Systematic literature review on agile practices in global software development

Citation data:

Information and Software Technology, ISSN: 0950-5849, Vol: 96, Page: 161-180

Publication Year:
2018
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DOI:
10.1016/j.infsof.2017.12.004
Author(s):
Raoul Vallon; Bernardo José da Silva Estácio; Rafael Prikladnicki; Thomas Grechenig
Publisher(s):
Elsevier BV
Tags:
Computer Science
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article description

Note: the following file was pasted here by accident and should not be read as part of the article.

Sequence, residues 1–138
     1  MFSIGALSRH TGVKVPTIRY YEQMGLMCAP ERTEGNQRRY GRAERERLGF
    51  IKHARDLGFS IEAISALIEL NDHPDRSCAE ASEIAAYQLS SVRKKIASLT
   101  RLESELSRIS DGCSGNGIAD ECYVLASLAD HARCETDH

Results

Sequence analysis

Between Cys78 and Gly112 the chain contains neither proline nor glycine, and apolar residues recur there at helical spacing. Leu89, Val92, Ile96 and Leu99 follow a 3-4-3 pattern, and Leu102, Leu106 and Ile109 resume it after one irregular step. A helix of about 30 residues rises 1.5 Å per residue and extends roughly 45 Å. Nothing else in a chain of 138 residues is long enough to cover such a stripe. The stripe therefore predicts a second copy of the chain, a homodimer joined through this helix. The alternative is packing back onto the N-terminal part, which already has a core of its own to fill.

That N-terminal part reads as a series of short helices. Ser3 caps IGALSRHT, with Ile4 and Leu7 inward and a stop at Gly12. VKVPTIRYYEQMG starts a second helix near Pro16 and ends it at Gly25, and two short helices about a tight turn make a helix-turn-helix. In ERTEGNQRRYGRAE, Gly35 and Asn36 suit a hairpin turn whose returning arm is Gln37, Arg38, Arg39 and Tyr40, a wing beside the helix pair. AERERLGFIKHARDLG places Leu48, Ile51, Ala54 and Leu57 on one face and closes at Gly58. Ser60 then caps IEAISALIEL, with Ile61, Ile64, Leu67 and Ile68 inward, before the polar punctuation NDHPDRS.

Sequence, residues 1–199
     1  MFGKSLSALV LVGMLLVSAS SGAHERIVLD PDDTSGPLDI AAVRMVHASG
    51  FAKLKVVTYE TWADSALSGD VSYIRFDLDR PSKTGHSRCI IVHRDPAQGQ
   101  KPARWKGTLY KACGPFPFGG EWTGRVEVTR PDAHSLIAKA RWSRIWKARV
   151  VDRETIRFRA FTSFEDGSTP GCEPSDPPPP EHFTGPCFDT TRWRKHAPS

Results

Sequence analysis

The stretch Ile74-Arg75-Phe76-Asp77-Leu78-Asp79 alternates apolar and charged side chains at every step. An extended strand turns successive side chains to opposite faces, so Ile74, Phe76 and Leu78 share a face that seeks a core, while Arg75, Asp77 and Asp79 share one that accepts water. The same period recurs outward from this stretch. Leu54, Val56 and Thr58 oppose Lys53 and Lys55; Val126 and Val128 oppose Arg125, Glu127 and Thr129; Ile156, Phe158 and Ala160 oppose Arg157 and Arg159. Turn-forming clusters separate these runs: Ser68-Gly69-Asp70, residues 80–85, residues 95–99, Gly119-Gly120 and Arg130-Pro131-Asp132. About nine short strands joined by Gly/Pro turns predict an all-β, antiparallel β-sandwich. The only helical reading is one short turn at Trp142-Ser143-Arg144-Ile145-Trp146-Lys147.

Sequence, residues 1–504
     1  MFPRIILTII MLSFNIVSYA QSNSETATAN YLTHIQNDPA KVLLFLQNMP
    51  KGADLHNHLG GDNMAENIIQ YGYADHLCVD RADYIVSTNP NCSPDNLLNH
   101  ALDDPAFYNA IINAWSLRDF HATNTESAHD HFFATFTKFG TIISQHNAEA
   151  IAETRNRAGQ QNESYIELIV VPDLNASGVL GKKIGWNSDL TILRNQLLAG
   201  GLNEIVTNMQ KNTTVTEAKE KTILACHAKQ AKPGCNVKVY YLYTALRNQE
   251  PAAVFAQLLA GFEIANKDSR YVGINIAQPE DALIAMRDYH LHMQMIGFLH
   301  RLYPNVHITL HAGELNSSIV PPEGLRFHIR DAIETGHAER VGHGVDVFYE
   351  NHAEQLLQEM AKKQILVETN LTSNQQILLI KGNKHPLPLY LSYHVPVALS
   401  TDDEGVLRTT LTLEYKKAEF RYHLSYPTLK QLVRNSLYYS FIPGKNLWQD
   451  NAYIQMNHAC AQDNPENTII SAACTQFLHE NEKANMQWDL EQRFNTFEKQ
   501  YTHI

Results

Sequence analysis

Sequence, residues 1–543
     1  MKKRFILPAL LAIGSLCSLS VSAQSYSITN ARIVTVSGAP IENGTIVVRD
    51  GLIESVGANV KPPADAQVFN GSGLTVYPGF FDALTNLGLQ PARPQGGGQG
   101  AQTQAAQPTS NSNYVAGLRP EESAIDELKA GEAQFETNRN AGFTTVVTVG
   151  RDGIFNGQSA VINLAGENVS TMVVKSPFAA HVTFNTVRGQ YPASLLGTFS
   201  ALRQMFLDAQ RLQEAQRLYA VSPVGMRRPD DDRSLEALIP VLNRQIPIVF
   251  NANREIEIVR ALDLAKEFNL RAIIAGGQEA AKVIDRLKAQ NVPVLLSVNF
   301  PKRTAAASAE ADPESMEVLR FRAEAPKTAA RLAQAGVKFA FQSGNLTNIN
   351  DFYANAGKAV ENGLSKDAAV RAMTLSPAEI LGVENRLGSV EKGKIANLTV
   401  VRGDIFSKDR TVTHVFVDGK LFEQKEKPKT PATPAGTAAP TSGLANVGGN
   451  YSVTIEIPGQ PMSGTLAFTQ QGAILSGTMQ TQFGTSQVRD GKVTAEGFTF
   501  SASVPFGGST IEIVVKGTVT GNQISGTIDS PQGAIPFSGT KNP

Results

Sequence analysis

Developing software in distributed development environments exhibits coordination, control and communication challenges. Agile practices, which demand frequent communication and self-organization between remote sites, are increasingly found in global software development (GSD) to mitigate said challenges. We aim to provide detailed insight into what is reported on the successful application of agile practices in GSD from 1999 to 2016 and also identify the most frequently applied agile practices and reported distribution scenarios. We further strive to uncover research opportunities and gaps in the field of agile GSD. We build our systematic literature review on top of a previous review, which investigated studies published between 1999 and 2009, and extend the review by years 2010–2016, for which we conduct both a quantitative and a qualitative analysis. Our results show that the majority of the cases studied is global and involves complex distribution scenarios with Scrum or combined Scrum/Extreme Programming being the most used agile methods. Key results include that in contrast to 1999–2009, where four Extreme Programming practices were among the ten most frequently used agile practices, in 2010–2016 Scrum is in the center of agile GSD implementations with eight Scrum-based practices in the top ten agile practices used in GSD. Agile GSD is a maturing research field with higher quality contributions and a greater variety of publication types and methods from 2010 to 2016 than before from 1999 to 2009. However, researchers need to report full empirical contextual details of their studied cases in order to improve the generalizability of results and allow the future creation of stronger frameworks to drive the implementation of agile practices in GSD.